As to her argument that insisting on rules and consistency in spelling and grammar is just insensitive linguistic imperialism, I can only quote George Carlin:

Yeah, I know you say, "Well many people are using it that way, so the meaning is changing." And I say, "Well, many people are really fuckin’ stupid, too; shall we just adopt all their standards?"

I'm not an educated fellow. I won't pretend to be familiar with the standards of composition that English undergrads study, let alone all sorts of arcane grammatical rules. But I honestly would consider it an insult, however unintentional, for someone to present a piece of writing to me, whether in the form of personal correspondence or a public post, that looked like a careless mess of misspellings and nonexistent punctuation. I mean, if I'm talking to a stranger, someone with whom I have no expectation of intuitive understanding, I go out of my way to speak clearly and explain any necessary background for their understanding. Why should it be any different in print? If you don't take your own thoughts seriously enough to make every effort to be clear about them, don't expect me to take them seriously enough to do the extra work of decoding it.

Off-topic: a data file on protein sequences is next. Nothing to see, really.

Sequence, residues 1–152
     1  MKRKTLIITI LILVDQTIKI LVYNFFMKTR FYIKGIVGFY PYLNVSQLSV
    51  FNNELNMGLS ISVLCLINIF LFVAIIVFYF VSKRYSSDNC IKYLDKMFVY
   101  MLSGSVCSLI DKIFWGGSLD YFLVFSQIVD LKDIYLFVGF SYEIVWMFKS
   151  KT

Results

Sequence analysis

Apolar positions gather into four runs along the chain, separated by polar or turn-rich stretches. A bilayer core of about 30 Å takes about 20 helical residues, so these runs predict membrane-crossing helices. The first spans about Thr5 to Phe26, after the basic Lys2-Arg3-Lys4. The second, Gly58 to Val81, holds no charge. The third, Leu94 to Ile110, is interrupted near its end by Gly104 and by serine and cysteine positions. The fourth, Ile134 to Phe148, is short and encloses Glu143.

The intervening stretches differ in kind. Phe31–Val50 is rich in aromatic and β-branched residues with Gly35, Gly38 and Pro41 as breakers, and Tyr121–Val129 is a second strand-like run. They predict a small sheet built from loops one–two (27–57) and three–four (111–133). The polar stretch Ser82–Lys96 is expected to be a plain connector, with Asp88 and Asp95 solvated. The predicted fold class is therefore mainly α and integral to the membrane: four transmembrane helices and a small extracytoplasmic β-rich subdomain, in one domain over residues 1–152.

I do still cling to a naïve belief that professionals and other people who are responsible for communicating to the public should be nearly flawless in their spelling and grammar. But the shit that gets presented to me for revision in my copywriting gig is slowly eroding that idealism. Good lord, you would not believe how illiterate some of these people can sound.

...adding, someone must have put out a memo.

Wednesday, November 28, 2012